Today I had reason to do some research on the main challenges that businesses have faced in 2015. There were many surveys available for the US but it was more difficult to get data on business closer to home. The thing that was striking was that all of the issues quoted related to circumstances which were ‘outside’ an individual business rather than within it’s control.
The kind of things referred to included everything from the cost of Employee Healthcare (in the US) to Government Regulation, to access to quality Staff and of course, the availability of Finance. I wondered what was the point of focusing on such issues when in reality they just represent the environment in which every business must operate rather than the typical challenges faced on a day-to-day basis.
It reminded me of back in the early 1980’s, during my accounting training when I worked in the insolvency sector, and I used to hear similar excuses being quoted by both management and, in high profile cases, the media, when businesses failed. Back then it was Exchange Rates and Interest Rates, amongst others, that were used as the reasons for failure.
The reality on the other hand was very different when one actually got inside and saw in many cases the utter disarray that existed in terms of how theses businesses were run.
It was more about lack of planning, lack of monitoring of performance, lack of staff training and wastefulness along with a good dose of managerial incompetence that was to blame. Situations eloquently illustrated in those old ‘Troubleshooter’ programmes that I used to watch with my dad, in which Sir John Harvey Jones used to offer his extensive wisdom in some dire business situations only to be met with stubbornness and blinkered vision by the owners.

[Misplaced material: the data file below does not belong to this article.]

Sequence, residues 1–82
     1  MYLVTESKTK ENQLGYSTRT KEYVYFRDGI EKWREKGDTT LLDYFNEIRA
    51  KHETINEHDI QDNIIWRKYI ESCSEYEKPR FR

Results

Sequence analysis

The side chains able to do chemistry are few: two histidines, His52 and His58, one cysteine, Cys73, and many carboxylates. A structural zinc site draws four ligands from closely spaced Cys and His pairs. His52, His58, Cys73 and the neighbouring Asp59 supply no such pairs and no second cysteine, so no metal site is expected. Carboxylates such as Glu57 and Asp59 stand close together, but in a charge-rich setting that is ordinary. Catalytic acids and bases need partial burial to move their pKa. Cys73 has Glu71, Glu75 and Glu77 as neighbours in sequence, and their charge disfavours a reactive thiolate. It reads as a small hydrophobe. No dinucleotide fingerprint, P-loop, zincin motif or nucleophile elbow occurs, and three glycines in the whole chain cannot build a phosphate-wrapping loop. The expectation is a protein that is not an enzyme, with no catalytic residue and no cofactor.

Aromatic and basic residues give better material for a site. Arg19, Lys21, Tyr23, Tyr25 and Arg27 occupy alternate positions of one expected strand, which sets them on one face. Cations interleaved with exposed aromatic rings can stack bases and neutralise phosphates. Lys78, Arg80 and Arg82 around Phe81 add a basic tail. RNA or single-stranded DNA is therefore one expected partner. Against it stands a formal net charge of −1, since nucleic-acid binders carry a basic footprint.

The fact is that well run businesses survive and even thrive in every environment. They learn to roll with the changing circumstances, both good and bad. Poorly run companies fail in all environments too, although difficult external circumstances do a good job in flushing them out quickly albeit with negative fallout for both employees and those owed money.
The point of this piece is that it seems to be part of the human condition whether it be in business or in our personal lives to point to things outside our control for excuses as to why things didn’t work out for us. The truth is that the answer lies in ourselves, in our behaviour, our decision-making, our planning or lack of it, our organisation and the actions we take or not.
That doesn’t mean that we must blame ourselves and beat ourselves up even more than we do already. No, rather by focusing on things that we can influence instead of those that we can’t, we can see that our circumstances lie entirely within our control and any impact or impediment brought about by external factors are nothing other than something to be negotiated along the way.
So when your business is not working or could be better performing then the place to start is by taking a hard look at what is not being done and needs to begin or what is being done and needs to stop. The change, the improvement opportunity is entirely within your control.
The same applies even if we are not running a business. If the current circumstances are not working then start doing different things or the same things differently.
If we look at ourselves honestly then we will see what we need to do. If we cannot critique ourselves effectively then get a colleague, a friend, a counselor, a coach or someone who will listen and help you see what is going on and what action you need to take.
The bottom line is that the stuff that makes the difference to your business or to you, personally, is entirely within your control. If it is not to your liking then perhaps it is time to do something about it now.